Ex-senior judge Butler-Sloss to head child sex abuse inquiry
Mark Sedwill, the Home Office's top civil servant, answering MPs' questions about historical child abuse allegations, said he was determined "to put this right".
"As a citizen, as a parent, I shudder when I think about this," he said.
Mr Sedwill was asked by the Commons Home Affairs Select Committee how his department lost or destroyed 114 files that could have shed light on alleged abuse.
The files were discovered to be missing following a review Mr Sedwill commissioned last year into the Home Office's handling of child abuse allegations between 1979 and 1999. He said the review had found no evidence that they had been removed or destroyed "inappropriately".
Mr Sedwill said the files had been identified as missing after a database of 750,000 files were trawled by an investigator using search terms including "child abuse", "paedophilia" and "PIE", as the Paedophile Information Exchange was known.
Mr Sedwill said he did not know the names of the missing files or how large they were and said he had not looked at the list of missing files. He also said that it would not have been "proper" for the Home Secretary to read the report into how her department had handled the 1980s claims.
Committee chairman Keith Vaz said he would like to have a copy of the list of missing files by Friday.
Baroness Butler-Sloss's broader, independent inquiry, will look at how seriously public bodies and other important institutions have taken their duty of care to protect children from sexual abuse.
The probe aims to address public concern over failings exposed by recent child sex abuse cases involving celebrities such as Jimmy Savile and Rolf Harris.
Mr Sedwill said Lady Butler-Sloss's inquiry would not be pursing individual cases, although she would want to hear cases of that type.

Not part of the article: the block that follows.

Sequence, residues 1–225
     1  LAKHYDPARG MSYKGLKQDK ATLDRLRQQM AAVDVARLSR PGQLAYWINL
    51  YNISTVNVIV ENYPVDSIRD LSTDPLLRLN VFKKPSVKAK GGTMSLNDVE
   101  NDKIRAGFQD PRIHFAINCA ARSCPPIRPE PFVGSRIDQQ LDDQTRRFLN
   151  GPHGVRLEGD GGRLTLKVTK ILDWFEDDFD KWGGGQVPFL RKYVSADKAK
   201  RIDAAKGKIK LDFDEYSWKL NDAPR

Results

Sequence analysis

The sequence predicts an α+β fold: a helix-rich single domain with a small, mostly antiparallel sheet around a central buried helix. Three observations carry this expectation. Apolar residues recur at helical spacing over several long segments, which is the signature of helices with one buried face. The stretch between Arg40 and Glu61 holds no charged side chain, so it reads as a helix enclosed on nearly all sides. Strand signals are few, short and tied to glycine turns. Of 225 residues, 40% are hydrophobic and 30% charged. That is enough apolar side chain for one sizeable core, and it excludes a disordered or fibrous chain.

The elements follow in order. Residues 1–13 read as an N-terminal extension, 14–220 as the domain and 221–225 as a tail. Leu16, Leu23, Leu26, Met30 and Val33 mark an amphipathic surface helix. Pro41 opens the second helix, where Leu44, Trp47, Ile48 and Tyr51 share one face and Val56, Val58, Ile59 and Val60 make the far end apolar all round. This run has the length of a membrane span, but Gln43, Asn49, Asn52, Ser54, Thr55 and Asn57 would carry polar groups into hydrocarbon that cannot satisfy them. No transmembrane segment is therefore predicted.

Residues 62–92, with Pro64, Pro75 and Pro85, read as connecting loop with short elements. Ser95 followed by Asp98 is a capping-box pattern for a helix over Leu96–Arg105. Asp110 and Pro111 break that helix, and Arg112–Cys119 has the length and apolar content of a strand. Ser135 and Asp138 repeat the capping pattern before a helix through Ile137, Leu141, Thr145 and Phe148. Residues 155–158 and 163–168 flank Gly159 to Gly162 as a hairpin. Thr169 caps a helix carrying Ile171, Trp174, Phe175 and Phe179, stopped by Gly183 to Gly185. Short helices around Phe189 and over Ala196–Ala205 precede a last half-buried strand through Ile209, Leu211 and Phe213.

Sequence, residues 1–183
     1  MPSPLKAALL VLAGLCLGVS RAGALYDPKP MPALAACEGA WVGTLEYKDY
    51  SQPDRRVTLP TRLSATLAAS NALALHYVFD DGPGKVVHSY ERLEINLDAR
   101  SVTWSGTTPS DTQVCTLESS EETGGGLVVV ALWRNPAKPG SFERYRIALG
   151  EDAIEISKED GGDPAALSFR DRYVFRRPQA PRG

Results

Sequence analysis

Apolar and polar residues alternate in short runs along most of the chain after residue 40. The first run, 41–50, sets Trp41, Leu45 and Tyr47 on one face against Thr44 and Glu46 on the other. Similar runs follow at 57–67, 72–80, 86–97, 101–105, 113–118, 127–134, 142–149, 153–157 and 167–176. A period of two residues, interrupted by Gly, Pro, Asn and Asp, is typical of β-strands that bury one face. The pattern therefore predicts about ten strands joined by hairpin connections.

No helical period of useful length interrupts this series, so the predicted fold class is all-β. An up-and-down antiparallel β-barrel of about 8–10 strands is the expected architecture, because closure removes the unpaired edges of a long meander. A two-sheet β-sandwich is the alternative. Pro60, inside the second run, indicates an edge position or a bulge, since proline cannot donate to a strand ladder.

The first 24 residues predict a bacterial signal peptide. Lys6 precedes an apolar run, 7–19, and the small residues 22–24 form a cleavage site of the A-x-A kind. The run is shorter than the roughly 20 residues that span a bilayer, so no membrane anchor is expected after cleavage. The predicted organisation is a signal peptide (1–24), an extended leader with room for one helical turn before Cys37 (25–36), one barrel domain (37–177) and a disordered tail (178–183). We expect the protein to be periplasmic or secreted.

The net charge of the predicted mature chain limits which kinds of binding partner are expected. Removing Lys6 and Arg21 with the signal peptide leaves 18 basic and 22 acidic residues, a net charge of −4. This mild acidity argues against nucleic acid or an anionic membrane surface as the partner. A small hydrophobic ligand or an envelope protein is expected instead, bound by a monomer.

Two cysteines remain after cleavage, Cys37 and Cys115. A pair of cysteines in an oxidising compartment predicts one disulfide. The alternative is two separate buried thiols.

She was determined to "leave no stone unturned", he said, adding that he was sure her report would "be thorough and complete".
Announcing the peer's appointment, Home Secretary Theresa May said: "In recent years we have seen appalling cases of organised and persistent child sex abuse that have exposed serious failings by public bodies and important institutions.
"That is why the government has established an independent panel of experts to consider whether these organisations have taken seriously their duty of care to protect children from sexual abuse."
Lady Butler-Sloss was coroner for the inquests into the death of Diana, Princess of Wales, and Dodi Al Fayed until she stepped down in 2007.
Her report on child sex abuse in Cleveland during the 1980s - which had led to more than 100 children being removed from their families - resulted in the Children's Act 1989.
As part of a two-pronged attack on child abuse, Home Secretary Theresa May announced on Monday a separate review, headed by the NSPCC's Peter Wanless, which would focus on concerns the Home Office failed to act on allegations of child sex abuse contained in a dossier handed over in the 1980s by former Tory MP Geoffrey Dickens.
Mr Sedwill told MPs that the Wanless review would be given independent legal advice from Richard Whittam, QC, First Senior Treasury Counsel at the Central Criminal Court.
NWN: Well this should be a great comfort to Lord Janner and Lord Brittan ! Talk about keeping it in the family. A 'whitewash' is on the cards here.